On Jan. 15, 1989, demonstrations broke out in both Prague and Leipzig. The wire stories the next day told of riot police and water cannons deployed and of mass detentions. Twenty-five years ago, the communists of Eastern Europe certainly seemed to have a strong if nervous hold on power.
Of course, that year turned out a little differently. There never was a dull moment in 1989 for fans of democracy and popular protest. From January, when the communist leaders in Poland agreed to sit down to round table talks with Solidarity, the opposition they had once reviled, through Vaclav Havel’s election as president of Czechoslovakia as the year closed, every week brought images of peaceful rebellion and of powerful leaders agreeing to cede at least some of their power. More than once that summer and fall, as I walked through Warsaw with a newspaper under my arm, a passerby would stop me: At which kiosk had I bought it, and were there any left? The world seemed charmed, and in a great hurry toward something better.
The year brought horrific moments, too, in Romania in particular. But after the bloody breakup of Yugoslavia a few years later, it was obvious that things could have been much worse in Eastern Europe. More than anything, that golden year gave us a feeling of limitless possibility.
That legacy, often unspoken, has shaped the way we — the generation that came of age in the late 1980s, whether East or West — interpret the world. Nelson Mandela’s triumphant emergence from prison at nearly the same time or the peaceful end to Chilean dictator Augusto Pinochet’s rule — in a vote so much like that in Poland — felt similar, and made it seem as if the entire world was shifting toward democracy. The OTPOR Revolution in Serbia, the Orange Revolution in Ukraine, the Arab Spring, and a dozen other upheavals in Burma, Iran, Moldova, Lebanon . . . each time 1989 has been a key reference point.
As the 25th anniversary of those first democratic revolutions gets under way, though, what exactly should we remember? More often than not, the story we recall is distorted, with consequences for how we understand and respond to political change around the world.
Local figures had gained some authority by sticking their necks out in small ways.
Above all, the story of 1989 stresses the spontaneous — that citizens suddenly gathered in the streets to vent their anger and that only the regime had premeditated power. But it didn’t happen that way. In those crowds in every city were dozens of what we might call microleaders, local figures who had gained some authority by sticking their necks out in small ways, like collecting signatures on a petition or speaking out aginst regime abuses. For example, the Leipzig protesters in January, led by theology student Thomas Rudolph and a few others, timed their march to coincide with the one in Prague, thanks to friendships forged in clandestine cross-border visits. And the Prague protest was the first in a week’s campaign, the brainchild of performance artist Petr Placak who realized that daily protests could unsettle the regime and maybe draw new people in to demand change. The idea came to him in a jail cell after one protest; he passed a note around to his fellow detainees.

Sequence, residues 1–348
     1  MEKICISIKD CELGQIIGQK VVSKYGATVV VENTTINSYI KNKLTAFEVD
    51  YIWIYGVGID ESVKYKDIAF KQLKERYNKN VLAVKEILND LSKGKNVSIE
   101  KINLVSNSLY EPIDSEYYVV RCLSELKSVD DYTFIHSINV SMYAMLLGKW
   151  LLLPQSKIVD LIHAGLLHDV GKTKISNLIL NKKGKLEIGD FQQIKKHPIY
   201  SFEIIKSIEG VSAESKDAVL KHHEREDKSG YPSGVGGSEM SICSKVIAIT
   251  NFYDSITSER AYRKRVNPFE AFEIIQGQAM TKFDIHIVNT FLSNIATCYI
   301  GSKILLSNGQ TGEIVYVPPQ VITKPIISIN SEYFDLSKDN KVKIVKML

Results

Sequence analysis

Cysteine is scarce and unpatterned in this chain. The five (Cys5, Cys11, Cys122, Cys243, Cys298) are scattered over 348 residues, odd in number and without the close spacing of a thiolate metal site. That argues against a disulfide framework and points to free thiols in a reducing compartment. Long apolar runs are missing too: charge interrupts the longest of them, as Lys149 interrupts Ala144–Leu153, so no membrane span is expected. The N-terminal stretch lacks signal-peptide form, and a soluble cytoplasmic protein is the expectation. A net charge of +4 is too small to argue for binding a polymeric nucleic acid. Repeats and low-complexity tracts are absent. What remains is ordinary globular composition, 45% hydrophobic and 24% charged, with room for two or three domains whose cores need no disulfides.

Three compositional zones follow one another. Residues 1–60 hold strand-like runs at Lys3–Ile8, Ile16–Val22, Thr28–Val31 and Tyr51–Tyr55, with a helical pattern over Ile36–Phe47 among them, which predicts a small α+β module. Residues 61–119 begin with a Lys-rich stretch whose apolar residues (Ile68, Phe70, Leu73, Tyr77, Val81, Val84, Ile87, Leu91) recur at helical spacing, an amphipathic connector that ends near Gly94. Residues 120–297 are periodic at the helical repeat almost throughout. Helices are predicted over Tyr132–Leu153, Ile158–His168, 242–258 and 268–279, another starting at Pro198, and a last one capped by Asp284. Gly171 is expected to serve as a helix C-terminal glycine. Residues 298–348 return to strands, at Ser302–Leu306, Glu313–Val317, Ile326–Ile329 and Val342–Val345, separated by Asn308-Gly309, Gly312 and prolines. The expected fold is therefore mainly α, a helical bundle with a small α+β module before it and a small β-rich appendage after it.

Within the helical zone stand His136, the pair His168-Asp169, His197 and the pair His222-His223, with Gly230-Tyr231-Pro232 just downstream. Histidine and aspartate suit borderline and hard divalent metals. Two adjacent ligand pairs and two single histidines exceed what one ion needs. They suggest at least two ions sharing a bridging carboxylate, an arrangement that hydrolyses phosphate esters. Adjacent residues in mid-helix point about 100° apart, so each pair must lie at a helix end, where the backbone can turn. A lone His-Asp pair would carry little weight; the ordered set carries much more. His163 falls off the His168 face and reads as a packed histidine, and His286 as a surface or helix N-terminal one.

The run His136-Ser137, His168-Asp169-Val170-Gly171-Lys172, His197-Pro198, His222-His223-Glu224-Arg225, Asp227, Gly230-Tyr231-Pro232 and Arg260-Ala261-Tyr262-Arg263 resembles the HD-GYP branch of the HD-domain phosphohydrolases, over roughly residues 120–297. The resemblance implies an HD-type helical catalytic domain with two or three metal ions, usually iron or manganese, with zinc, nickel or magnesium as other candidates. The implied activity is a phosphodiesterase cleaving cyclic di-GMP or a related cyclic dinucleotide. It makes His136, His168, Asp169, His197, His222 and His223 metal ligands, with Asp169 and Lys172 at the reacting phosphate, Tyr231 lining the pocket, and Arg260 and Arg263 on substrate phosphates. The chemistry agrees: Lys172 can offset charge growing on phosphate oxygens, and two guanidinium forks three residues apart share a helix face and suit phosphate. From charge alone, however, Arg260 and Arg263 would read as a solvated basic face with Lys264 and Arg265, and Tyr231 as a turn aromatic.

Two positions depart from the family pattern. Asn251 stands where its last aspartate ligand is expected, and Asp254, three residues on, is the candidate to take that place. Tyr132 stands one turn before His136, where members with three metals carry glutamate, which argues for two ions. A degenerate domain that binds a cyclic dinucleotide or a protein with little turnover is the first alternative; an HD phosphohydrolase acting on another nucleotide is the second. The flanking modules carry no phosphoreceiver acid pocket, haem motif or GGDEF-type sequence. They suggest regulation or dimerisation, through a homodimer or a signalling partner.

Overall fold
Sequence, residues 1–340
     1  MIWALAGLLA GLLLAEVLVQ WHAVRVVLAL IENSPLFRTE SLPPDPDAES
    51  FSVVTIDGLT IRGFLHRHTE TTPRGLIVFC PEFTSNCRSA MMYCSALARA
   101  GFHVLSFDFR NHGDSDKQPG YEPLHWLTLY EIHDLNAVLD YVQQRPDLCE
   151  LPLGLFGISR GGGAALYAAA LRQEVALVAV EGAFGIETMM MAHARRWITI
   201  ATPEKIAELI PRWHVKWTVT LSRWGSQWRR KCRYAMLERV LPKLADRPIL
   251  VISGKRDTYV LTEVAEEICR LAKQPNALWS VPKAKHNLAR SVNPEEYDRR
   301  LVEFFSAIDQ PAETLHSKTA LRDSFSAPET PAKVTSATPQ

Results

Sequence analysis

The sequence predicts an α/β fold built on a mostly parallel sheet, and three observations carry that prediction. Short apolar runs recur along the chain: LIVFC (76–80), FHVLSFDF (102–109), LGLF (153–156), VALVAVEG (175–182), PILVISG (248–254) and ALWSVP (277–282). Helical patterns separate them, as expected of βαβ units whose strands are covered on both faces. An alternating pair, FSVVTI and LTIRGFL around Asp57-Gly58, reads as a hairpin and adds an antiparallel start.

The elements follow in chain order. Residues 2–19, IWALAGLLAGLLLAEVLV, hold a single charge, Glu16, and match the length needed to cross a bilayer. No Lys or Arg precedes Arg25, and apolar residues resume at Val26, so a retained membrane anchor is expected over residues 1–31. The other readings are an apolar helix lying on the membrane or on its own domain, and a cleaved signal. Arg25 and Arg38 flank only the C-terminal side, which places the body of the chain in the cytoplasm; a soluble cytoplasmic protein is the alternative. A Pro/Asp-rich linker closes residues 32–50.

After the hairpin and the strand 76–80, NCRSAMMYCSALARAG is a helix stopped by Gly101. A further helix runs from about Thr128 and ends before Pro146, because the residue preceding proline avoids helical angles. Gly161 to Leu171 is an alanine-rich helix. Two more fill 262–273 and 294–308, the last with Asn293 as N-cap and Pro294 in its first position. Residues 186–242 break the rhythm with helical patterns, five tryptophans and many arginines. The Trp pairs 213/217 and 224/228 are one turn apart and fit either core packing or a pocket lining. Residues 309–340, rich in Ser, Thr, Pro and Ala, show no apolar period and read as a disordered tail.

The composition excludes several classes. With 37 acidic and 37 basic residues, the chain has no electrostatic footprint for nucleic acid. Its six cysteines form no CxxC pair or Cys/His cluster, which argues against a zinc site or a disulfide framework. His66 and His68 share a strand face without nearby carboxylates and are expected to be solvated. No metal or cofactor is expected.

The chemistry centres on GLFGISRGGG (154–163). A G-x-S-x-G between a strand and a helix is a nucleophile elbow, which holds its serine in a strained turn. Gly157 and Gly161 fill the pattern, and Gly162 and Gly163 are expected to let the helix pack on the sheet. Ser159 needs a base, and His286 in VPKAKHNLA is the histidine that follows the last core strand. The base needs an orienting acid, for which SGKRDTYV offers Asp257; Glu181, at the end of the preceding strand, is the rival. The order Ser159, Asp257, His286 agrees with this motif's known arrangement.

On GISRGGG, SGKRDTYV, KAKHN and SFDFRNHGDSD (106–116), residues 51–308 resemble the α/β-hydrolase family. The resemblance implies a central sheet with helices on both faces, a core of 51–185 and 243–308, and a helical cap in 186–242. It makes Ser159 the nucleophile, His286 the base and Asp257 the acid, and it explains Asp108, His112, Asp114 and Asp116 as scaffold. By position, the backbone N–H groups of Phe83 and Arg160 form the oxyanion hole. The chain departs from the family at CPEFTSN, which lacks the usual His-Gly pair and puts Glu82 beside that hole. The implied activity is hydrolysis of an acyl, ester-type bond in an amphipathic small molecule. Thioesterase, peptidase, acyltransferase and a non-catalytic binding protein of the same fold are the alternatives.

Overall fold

Why does our misunderstanding of crowds and leadership matter? It leads to the temptation to create spontaneity, as when US Marines stage-managed the toppling of a statue of Saddam Hussein in May 2003, making it seem as if Iraqis had streamed unprompted to Firdus Square in Baghdad. That moment came straight out of a 1989 playbook, but read upside down. And a crowd we think is spontaneous looks dangerous. But within an organized crowd, like those on Kiev’s Maidan in December, people can learn how to cooperate with one another, how to trust each other, and how to mistrust (sometimes) those who would lead them. These skills pay off: The victorious crowds that filled the streets of Prague and Leipzig in the fall of 1989 would have been much, much smaller without the lessons earned the previous winter.
We’ll hear a lot this year about the world leaders who set the stage for 1989: Ronald Reagan, Mikhail Gorbachev, and Helmut Kohl. And they deserve some measure of acknowledgement, but only for the way they responded to crises, not for what they created. Not one single person in Eastern Europe joined a demonstration or voted because she or he was encouraged by some foreign leader. That would have been foolish. It was easy to recall times when encouragement or promises from abroad had led the gullible to stick their necks out.
For me, the heroes of 1989 are people like Rudolph, Placak, or dozens of others in cities from Gdansk to Lviv to Budapest who believed that if they stood a little taller their fellow citizens might feel a little braver. It’s hard, these microleaders knew, to step out of one’s private space into public danger; it’s much easier if you can see or hear about people who have lost that fear. It’s hard even to cast a vote for the opposition and against a dictator, no matter what world opinion urges you to do, unless you know already that you are one of many. The lesson of 1989, far below the centers of power and well before the big headlines, is that microleadership is contagious. That’s the democracy I’ll be celebrating all this year.
Padraic Kenney is a history professor at Indiana University.